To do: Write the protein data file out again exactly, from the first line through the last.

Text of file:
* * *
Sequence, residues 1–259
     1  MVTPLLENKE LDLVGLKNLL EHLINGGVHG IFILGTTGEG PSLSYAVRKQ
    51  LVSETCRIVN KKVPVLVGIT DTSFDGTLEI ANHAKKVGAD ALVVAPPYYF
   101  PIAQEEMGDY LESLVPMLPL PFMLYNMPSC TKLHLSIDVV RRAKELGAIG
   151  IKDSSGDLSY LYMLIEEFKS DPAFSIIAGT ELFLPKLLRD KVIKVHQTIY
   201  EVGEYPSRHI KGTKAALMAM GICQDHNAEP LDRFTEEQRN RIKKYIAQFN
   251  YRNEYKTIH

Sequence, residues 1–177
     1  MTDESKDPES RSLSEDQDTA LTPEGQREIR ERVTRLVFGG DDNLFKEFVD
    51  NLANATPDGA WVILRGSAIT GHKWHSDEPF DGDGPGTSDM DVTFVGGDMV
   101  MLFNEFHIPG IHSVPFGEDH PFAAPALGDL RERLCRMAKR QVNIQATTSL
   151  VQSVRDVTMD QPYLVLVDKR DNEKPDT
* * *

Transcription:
Sequence, residues 1–259
     1  MVTPLLENKE LDLVGLKNLL EHLINGGVHG IFILGTTGEG PSLSYAVRKQ
    51  LVSETCRIVN KKVPVLVGIT DTSFDGTLEI ANHAKKVGAD ALVVAPPYYF
   101  PIAQEEMGDY LESLVPMLPL PFMLYNMPSC TKLHLSIDVV RRAKELGAIG
   151  IKDSSGDLSY LYMLIEEFKS DPAFSIIAGT ELFLPKLLRD KVIKVHQTIY
   201  EVGEYPSRHI KGTKAALMAM GICQDHNAEP LDRFTEEQRN RIKKYIAQFN
   251  YRNEYKTIH

Sequence, residues 1–177
     1  MTDESKDPES RSLSEDQDTA LTPEGQREIR ERVTRLVFGG DDNLFKEFVD
    51  NLANATPDGA WVILRGSAIT GHKWHSDEPF DGDGPGTSDM DVTFVGGDMV
   101  MLFNEFHIPG IHSVPFGEDH PFAAPALGDL RERLCRMAKR QVNIQATTSL
   151  VQSVRDVTMD QPYLVLVDKR DNEKPDT